clock menu more-arrow no yes mobile

Filed under:

Northwestern vs. Minnesota: Three matchups to watch

Injuries look to have had a big impact on both sides in this game.

Jesse Johnson-USA TODAY Sports

Gameday is just a few days away. So with Saturday looming, it's time to start digging a little deeper into the intricacies of the contest. Football, at its core, is a game of individual matchups that all work together to form one play. All individual showdowns are crucial. But there are still some that are more important and influential than others. Let's look at the three matchups that may decide Northwestern's game against Minnesota:

1. Northwestern's offensive line vs. Minnesota's front seven

In this game, it all starts up front, where a banged-up Wildcats group faces an underperforming Golden Gophers unit. This matchup should go a long way toward determining who wins the game.

For Northwestern, the main concern is injuries. If Geoff Mogus is unable to go, either Tommy Doles or Blake Hance will be in his place, according to the depth chart. Left guard Connor Mahoney got banged up against Ball State too, but he should be able to go. But the hosts aren't the only team dealing with injuries in this matchup. Starting middle linebacker Cody Poock may not go Saturday for the Gophers, as he's dealing with a rib injury.

When it comes down to individual matchups, Ian Park, Mahoney and Shane Mertz will have their hands full with Steven Richardson, a sophomore defensive tackle who already has 4.5 tackles for loss, 2.5 sacks, a fumble forced and a fumble recovered. He's the team's best pass rusher — the defensive ends have disappointed thus far — and he's solid against the run too.

Additionally, Northwestern will have to be able to run the ball against the Golden Gophers, who will likely load the box and force Clayton Thorson to beat them through the air, something that he is yet to show the ability to do. If Northwestern runs the ball well early, it'll be huge for their chances to remain undefeated.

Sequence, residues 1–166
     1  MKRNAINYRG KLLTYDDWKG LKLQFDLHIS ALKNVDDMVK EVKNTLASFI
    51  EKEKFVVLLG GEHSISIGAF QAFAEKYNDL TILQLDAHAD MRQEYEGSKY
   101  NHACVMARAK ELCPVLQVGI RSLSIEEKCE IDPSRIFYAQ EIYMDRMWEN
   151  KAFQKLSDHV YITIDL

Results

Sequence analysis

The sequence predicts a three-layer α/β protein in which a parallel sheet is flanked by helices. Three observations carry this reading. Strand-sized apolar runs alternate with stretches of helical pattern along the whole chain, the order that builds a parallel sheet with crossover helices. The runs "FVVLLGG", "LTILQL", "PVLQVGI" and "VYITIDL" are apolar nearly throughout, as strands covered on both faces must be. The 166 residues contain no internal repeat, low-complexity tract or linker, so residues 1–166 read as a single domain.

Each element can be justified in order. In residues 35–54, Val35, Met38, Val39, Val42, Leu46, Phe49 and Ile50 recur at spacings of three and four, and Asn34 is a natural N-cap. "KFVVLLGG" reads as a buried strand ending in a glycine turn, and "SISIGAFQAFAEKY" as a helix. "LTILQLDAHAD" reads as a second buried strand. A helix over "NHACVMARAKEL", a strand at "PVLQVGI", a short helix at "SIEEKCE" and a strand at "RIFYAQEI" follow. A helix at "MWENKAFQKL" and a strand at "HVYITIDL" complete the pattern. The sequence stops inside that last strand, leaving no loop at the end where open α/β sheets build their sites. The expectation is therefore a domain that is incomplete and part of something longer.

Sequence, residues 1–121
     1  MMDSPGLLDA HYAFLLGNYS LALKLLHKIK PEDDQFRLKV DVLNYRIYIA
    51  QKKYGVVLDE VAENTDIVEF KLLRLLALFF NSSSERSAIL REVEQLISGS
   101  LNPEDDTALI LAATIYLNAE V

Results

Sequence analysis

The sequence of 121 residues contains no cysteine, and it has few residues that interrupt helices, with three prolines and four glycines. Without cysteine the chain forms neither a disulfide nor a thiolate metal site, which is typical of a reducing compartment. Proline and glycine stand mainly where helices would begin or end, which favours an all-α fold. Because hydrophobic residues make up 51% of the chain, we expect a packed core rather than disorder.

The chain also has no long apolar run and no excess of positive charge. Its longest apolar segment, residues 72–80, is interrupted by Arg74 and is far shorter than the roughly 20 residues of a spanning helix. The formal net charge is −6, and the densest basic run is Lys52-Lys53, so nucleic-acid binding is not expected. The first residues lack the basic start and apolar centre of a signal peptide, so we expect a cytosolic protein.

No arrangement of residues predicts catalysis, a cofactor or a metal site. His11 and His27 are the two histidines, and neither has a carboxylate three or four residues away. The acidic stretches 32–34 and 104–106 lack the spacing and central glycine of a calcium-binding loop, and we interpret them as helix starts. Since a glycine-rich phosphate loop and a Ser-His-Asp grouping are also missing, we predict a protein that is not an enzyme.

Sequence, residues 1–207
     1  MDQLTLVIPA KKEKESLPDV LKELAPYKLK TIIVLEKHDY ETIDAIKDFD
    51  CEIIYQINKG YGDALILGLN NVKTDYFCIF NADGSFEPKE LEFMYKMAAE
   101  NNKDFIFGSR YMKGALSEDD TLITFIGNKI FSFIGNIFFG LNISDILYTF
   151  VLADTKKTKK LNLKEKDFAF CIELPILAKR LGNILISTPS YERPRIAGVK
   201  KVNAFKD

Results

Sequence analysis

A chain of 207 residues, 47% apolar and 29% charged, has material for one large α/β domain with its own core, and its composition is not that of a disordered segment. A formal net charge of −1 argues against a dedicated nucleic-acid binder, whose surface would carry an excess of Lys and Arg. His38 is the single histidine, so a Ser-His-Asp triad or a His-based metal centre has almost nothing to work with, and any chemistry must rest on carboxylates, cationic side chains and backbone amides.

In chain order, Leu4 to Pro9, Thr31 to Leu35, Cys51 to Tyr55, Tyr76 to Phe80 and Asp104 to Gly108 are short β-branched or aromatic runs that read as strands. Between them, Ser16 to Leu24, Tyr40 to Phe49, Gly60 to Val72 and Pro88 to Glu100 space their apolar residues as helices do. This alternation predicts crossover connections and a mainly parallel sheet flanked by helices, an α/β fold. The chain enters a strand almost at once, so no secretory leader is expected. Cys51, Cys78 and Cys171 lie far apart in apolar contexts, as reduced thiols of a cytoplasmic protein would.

Advantage: Northwestern offensive line

2. Drew Wolitarsky vs. Nick VanHoose/Matthew Harris

After 6-foot-3, 228-pound Jordan Williams went off against VanHoose last week to the tune of eight catches, 133 yards and two touchdowns, the task doesn't get any easier for the Northwestern secondary from a physical stature standpoint. Wolitarsky goes 6-foot-3, 218 pounds and leads the Golden Gophers in receiving yards this year. He's currently dealing with a concussion, but if he's good to go, he could present a challenge similar to what Williams did. He's not the same player Williams is, but he's the same type of player.

It will be interesting to see who gets the assignment against Wolitasrky, and who gets the unenviable task of defending KJ Maye, an explosive senior who is smaller but can be used in a variety of ways. Neither VanHoose nor Harris is taller than 6-foot. Regardless, Northwestern needs to do a better job defending Minnesota's big-bodied wideout than it did Ball State's.

Advantage: VanHoose and Harris

3. Clayton Thorson against a banged-up Minnesota secondary

When we say banged-up, we mean banged-up. Take this from our Q&A with the Daily Gopher, which will be released Thursday afternoon:

Key injuries involve 75 percent of the starters in the secondary including a knee injury to preseason All-Big Ten corner Briean Boddy-Calhoun (questionable for Saturday), a leg injury to starting safety Damarius Travis (he won't play Saturday), and a concussion to starting safety Antonio Johnson (questionable for Saturday).

Thorson put together perhaps his best stretch of the year in the third quarter of last week's clash with Ball State, but before that, he was pretty bad in the first half and all over the place the week before against Duke. While his legs have speed, they have been limited outside of the lone touchdown versus Stanford and a first-down run here or there. Take this from our Nate Williams, a former Northwestern linebacker:

He also has not shown the consistency to be given much respect in the passing game, which, plain and simple, makes him a liability on offense. Northwestern needs defenses to respect either his arm or legs, because without either one, Justin Jackson and company will not be as effective as they need to be.

Northwestern needs an effective Justin Jackson in this game, so they need an effective Clayton Thorson. It's simple. If Jackson is successful early, Minnesota will load the box and force Thorson to beat them. The question is, against S&P+'s 11th-best defense, can he?

Advantage: Minnesota secondary